building a beautiful and bountiful world in collaboration with nature

Agriculture is a powerful force.  I am reminded of this as I continue to read the Ringing Cedars book series by Vladimir Megre.  I just finished book 5, Who Are We?  (I am reading these, though I do photoread them first.)  At this point the series has morphed into the story of the Russian people, their agriculture, and the tremendous potential in their agricultural choices now.

In the last part of book 4, Co-Creation, Anastasia expressed her vision for the Russian people to transform themselves and their society into a vital and vibrant agrarian civilization through the simple process of establishing “family domains”.  These domains are one hectare (about 2 1/2 acres) parcels designed to provide food and shelter and productive, creative work for each family as well as ecosystem services for Russia as a whole.  They use living, hedgerow fences, for example, on their perimeters; remain at least half in forest; and are gardened using the excess fertility produced by the forest.  Gathered together into eco-village communities, these family domains become the backbone, actually the entire skeleton, the foundation for the new Russia.

The crux of this vision lies in the domains being given to any willing citizen by the Russian government.  They will be given in perpetuity so long as there is an heir willing to continue working them and will be completely tax-free.  Neither the land, nor the products of these domains will be subject to any form of taxation, allowing money to flow to and remain with individuals and families.

This last part may sound impossible to anyone with economic training, but by the time the books address the questions that come up, the whole scheme begins to look not only possible, but desirable.  Higher taxes on tourism combined with more private funding of the community and public projects that people desire (“put your money where your mouth is” sort of thing) are just two of the ways that the Russian government can do this and still function.

This book was originally published in Russian in 2001.  They have sold like hotcakes there and the ideas in them have apparently been embraced whole-heartedly by millions of Russians.  According to a footnote in my English edition, on July 7, 2003 Russian President Vladimir Putin signed into law the “Private Garden-plot Act”.  Russian citizens can now receive free of charge from the state plots of land in private, inheritable ownership.  The size of these plots varies by region, generally between 1 and 3 hectares.  Produce grown on these plots is not subject to taxation.  A second law strengthening the first was passed in June 2006.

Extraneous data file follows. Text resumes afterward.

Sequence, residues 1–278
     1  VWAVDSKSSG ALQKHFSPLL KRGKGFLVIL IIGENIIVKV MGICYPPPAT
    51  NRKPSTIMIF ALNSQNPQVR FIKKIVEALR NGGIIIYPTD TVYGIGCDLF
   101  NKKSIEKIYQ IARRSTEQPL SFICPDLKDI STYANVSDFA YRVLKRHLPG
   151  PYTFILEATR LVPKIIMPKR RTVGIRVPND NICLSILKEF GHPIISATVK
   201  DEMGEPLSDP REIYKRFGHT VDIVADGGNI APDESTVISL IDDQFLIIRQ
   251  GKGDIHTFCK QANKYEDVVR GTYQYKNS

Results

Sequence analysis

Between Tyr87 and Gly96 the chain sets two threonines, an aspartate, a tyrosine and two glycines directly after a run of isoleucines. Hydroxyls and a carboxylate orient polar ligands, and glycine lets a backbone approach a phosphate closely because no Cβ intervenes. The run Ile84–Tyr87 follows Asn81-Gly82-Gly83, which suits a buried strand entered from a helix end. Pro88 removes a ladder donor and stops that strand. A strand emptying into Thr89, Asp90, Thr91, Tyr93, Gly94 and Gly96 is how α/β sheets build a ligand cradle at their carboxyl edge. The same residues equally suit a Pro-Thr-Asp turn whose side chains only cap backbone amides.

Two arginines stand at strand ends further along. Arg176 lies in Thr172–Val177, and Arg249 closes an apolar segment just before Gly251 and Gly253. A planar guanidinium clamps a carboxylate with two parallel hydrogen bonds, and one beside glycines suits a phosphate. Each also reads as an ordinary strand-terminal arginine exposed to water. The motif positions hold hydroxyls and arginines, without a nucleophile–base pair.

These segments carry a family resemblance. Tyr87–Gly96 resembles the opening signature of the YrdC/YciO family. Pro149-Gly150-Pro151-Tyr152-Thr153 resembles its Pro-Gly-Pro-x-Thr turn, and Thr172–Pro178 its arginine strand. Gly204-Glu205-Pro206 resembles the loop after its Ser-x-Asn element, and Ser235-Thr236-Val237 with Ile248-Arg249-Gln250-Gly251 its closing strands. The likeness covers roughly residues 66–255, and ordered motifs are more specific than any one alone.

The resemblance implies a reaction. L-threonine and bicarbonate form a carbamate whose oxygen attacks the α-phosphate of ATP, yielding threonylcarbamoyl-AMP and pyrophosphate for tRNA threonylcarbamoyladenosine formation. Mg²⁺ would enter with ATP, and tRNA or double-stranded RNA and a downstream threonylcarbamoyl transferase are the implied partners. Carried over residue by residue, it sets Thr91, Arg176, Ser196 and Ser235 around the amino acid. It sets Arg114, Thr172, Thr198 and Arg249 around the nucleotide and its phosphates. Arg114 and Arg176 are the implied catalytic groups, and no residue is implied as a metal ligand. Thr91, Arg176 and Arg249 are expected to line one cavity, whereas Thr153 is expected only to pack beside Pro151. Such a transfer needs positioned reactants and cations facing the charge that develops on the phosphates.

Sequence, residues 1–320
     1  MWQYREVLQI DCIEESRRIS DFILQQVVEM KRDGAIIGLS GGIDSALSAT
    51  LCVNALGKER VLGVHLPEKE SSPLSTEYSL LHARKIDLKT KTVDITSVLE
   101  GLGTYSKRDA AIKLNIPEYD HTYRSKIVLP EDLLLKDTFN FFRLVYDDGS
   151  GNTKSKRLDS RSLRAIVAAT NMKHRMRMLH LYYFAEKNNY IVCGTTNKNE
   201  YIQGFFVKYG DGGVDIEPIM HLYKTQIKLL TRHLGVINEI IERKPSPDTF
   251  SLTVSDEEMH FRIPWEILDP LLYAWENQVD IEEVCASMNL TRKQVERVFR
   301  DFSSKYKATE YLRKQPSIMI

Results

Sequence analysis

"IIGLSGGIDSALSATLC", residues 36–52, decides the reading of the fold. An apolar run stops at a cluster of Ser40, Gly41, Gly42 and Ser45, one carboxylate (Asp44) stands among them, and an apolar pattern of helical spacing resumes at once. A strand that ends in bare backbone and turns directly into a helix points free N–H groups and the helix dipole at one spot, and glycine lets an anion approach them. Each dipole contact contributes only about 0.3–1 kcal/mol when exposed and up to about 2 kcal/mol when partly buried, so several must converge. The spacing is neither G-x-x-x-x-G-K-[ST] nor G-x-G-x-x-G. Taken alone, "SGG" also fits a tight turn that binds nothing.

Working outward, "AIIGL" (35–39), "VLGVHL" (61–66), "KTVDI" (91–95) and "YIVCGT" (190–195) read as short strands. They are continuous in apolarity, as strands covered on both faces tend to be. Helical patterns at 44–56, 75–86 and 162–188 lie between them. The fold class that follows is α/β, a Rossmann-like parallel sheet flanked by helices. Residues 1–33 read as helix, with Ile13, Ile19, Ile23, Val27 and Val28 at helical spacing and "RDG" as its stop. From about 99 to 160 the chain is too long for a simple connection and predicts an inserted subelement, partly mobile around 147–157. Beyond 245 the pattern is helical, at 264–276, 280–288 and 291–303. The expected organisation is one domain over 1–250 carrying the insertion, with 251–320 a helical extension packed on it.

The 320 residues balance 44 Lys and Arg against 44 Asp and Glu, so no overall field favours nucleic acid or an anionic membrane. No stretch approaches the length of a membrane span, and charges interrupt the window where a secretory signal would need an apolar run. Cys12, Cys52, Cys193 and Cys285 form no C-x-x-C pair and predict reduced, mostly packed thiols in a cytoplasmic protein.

Some basic data points regarding Russian agriculture are also discussed early in Book 5.  In 1997 Russian household gardens grew 90% of Russia’s potatoes, 77% of its berries and fruit, and 73% of its vegetables.  In 2004 these numbers were up to 93%, 80%, and 81% respectively.  Russian gardeners, working in their free time and using predominantly organic methods – and without benefit of heavy machinery, hired labor, or government subsidies – now outproduce the whole commercial agricultural sector of Russia with 51% of the country’s total ag output.  According to the book, the contribution of these gardeners to the Russian economy exceeds any one of the following industries: steel; electric power generation; chemical and pharmaceutical; forestry, timber, pulp and paper together; oil refining, natural gas, and coal together.

How agriculture is practiced ripples through a culture and society, shaping the people, the social institutions, and the land itself.  Big ag has helped shape big banks, big corporations, and big government in this country – and vice versa.  I am encouraged to hear that the Russian people are working on taking a different path.

Russia is a very different culture, but I wonder if there are parts of this vision that would be helpful in the quest for health and happiness here in the United States?  Can we develop more appreciation for the potential power in the growing-abilities of small-scale and homestead-scale gardeners, especially when multiplied by millions.  Michael Ableman’s proposal that fruit and veggie growing needs to be carried on a lot more shoulders here in North America falls in line with Anastasia’s vision of a path to a healthy and bright future.  Could the land-linking systems springing up around the country in response to an aging farmer population be expanded to include those wishing to produce on a smaller scale?  Could they become a means to magnify the power of the small?  Can we write a new business plan for our local, state, and/or national governments that would show them the enhanced potential for resilience, democracy, and overall well-being in adopting tax-free policies for this scale of agriculture?

That seems far off right now, but with enough inspired minds, it is not out of reach.

In one of the early books in this series, Anastasia emphasizes the importance of people touching the Earth with their hands.  In the same way that a horse can feel the presence of one fly on its coat or we can feel one mosquito land on our skin, the Earth is also sensitive and can feel how we handle her.  The energies of love and appreciation and joy that pour in through our hands is significant to the Earth’s health and well-being.

In a world acknowledged to be quantum and entangled at all scales, we can no longer dismiss such an idea as ludicrous.  We do hold the power of regeneration in our hearts and minds and hands.  Let’s use it!

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